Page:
I’ve never been a fan of traditional romance novels. This is not a slight against romance authors or the genre—I just find romance the least appealing aspect of a well-written story. But there is one attribute that will always compel me to root for a fictional couple. I love it when a broken character finds another broken character and a relationship ensues. There is perhaps no better example of this than Marie Marquardt’s The Radius of Us.

Gretchen’s life was irrevocably changed when she was assaulted and robbed on a dark Atlanta street. Since then, she has suffered from anxiety attacks, and is weary about going out in public or interacting with others. Now homeschooled, Gretchen spends her days working out complicated calculus problems, hanging out with her friend Bree, babysitting her two cousins, and trying alternative therapies to alleviate her trauma. When Gretchen sees a young man who bears a slight resemblance to her attacker, she panics, but later makes an effort to speak with him. She learns that his name is Phoenix, and she is surprised when she feels an immediate comfort and ease while in his presence. Will her feelings of peace turn in to something more? Can Gretchen work up the courage to rejoin society?

Phoenix’s young life has been full of heartache. He grew up in an area of El Salvador saturated with gang activity. He never knew his father; his mother became a nanny in the United States and left Phoenix and his brother in the care of his grandmother. Fearing for the safety of his family, Phoenix reluctantly joined a gang. When his brother was approached by the same group, Phoenix fled, and his journey eventually led him to Atlanta, and to Gretchen. Will he be able to protect his brother? Can he tell Gretchen the truth about his past? Will he be allowed to stay in the United States?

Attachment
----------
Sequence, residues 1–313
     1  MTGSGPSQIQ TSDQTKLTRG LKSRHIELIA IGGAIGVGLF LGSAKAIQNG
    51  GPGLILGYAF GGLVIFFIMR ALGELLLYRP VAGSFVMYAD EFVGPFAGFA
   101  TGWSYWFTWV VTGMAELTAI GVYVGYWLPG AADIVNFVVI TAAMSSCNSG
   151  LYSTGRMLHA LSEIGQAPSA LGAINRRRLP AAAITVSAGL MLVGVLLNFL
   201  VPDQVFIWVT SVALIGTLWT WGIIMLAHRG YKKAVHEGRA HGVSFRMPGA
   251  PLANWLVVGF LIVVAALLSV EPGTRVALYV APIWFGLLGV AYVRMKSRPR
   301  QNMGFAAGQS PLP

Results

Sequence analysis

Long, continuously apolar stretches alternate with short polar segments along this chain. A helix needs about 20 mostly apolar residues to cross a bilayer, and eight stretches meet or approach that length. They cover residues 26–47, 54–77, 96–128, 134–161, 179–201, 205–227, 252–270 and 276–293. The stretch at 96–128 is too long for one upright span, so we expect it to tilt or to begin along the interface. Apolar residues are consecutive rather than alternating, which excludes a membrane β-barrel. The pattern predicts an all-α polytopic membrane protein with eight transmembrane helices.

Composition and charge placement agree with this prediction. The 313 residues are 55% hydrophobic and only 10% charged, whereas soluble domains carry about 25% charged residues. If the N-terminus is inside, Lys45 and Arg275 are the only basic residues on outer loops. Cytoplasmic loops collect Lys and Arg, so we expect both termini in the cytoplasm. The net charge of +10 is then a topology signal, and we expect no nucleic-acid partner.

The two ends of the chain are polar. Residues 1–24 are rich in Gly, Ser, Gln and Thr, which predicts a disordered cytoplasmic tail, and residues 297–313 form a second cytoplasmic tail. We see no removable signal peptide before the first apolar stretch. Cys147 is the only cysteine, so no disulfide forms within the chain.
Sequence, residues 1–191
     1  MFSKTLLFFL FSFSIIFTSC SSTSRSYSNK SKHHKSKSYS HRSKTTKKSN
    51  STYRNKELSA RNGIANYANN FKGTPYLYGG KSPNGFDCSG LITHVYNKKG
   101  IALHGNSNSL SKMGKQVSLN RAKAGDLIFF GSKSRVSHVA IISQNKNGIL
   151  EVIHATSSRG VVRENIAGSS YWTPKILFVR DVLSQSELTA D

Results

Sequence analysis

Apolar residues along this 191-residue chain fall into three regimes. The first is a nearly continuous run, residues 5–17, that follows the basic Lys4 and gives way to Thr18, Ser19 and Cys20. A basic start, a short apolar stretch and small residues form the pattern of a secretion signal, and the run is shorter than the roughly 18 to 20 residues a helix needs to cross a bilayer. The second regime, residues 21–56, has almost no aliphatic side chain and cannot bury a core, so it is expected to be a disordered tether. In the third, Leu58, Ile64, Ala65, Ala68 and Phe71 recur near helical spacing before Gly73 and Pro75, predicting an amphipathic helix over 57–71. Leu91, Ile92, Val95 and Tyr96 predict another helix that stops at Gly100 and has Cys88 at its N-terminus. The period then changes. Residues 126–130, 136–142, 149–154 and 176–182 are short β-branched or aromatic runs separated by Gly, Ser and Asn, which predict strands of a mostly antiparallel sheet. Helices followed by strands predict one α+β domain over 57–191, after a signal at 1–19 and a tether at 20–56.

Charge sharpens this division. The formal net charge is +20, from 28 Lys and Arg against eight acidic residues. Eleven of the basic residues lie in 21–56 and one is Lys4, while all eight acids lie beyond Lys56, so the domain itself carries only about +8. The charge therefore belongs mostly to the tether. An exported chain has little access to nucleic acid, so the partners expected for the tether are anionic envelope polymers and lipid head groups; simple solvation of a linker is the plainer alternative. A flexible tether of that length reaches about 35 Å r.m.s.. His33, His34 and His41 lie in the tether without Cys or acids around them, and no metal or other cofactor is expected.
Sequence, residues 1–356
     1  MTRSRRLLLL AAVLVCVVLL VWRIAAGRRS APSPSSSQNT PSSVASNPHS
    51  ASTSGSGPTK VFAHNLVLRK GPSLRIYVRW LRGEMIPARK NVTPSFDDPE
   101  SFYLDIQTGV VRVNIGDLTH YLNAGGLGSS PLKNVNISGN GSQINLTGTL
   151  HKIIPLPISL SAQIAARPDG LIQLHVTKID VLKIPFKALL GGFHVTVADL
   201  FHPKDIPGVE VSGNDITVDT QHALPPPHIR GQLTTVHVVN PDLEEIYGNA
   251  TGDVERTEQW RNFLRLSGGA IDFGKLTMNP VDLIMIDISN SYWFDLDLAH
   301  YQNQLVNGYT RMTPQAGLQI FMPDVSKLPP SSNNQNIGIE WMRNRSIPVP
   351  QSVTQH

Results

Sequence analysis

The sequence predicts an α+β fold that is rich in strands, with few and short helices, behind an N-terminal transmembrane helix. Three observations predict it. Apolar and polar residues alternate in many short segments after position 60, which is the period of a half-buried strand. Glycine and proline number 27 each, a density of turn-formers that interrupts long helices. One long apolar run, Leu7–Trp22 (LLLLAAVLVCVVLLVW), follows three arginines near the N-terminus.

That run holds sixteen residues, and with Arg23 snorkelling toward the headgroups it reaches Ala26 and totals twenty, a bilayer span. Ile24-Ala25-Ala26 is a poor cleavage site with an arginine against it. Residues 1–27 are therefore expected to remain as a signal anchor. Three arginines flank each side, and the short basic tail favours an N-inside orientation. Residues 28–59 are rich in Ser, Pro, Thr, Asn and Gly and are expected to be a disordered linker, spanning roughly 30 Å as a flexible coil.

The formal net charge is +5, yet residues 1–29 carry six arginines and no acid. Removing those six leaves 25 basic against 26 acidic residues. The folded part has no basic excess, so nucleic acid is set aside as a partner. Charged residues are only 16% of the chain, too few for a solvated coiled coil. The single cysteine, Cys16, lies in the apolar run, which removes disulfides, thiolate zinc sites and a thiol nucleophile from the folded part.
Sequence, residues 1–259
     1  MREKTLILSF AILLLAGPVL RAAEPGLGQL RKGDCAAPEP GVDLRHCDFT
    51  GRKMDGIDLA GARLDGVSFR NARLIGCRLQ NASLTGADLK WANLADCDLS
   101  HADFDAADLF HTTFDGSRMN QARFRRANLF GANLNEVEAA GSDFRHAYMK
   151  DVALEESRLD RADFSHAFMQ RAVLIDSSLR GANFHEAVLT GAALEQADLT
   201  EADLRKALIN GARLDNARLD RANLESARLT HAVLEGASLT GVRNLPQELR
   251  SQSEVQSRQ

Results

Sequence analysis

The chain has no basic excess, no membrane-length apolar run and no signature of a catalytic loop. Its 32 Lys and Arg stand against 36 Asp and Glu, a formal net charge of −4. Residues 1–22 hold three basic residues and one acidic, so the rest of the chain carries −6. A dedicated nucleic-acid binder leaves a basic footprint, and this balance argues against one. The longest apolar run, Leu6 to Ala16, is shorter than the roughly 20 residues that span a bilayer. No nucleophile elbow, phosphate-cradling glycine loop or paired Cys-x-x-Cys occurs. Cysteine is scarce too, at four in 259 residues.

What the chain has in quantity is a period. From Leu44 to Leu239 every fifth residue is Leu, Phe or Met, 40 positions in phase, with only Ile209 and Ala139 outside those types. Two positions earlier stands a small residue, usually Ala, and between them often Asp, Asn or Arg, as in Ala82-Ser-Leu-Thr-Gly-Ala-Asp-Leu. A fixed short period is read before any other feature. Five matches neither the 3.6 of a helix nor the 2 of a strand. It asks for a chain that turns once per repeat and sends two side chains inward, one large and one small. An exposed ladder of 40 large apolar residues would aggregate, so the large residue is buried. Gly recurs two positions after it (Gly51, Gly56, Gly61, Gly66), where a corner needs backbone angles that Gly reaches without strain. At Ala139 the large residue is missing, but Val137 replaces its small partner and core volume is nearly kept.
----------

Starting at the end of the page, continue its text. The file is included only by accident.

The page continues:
The characterization of Gretchen and Phoenix continually pulled at my heart as I read The Radius of Us. Their traumas have made them brave and selfless—Gretchen overcomes fear to help Phoenix and Phoenix gathers his own courage to help his brother. Almost every character in the novel displays a degree of kindness beneath a weary or tough exterior. The novel highlights the worst of humankind, but it leaves the reader believing in the goodness of his fellow man.

My complaints about the novel were mostly small. A character is named Ty Pennington, which is the name of an actual television personality. This threw me as I read, and I was surprised it wasn’t caught in editing. I also felt the narration became heavily focused on Phoenix and showed less of Gretchen’s perspective as the novel progressed; however, his story is so complex there is perhaps no way around that.

Most students are aware of the divisive ideas that exist when discussing illegal immigration. This novel could perhaps present a new perspective worthy of discussion. Furthermore, The Radius of Us encourages readers to consider their fears and ambitions, and to take risks that enrich their life and the lives of others. The inclusion of Marquardt’s novel in any classroom or curriculum would certainly be a positive addition.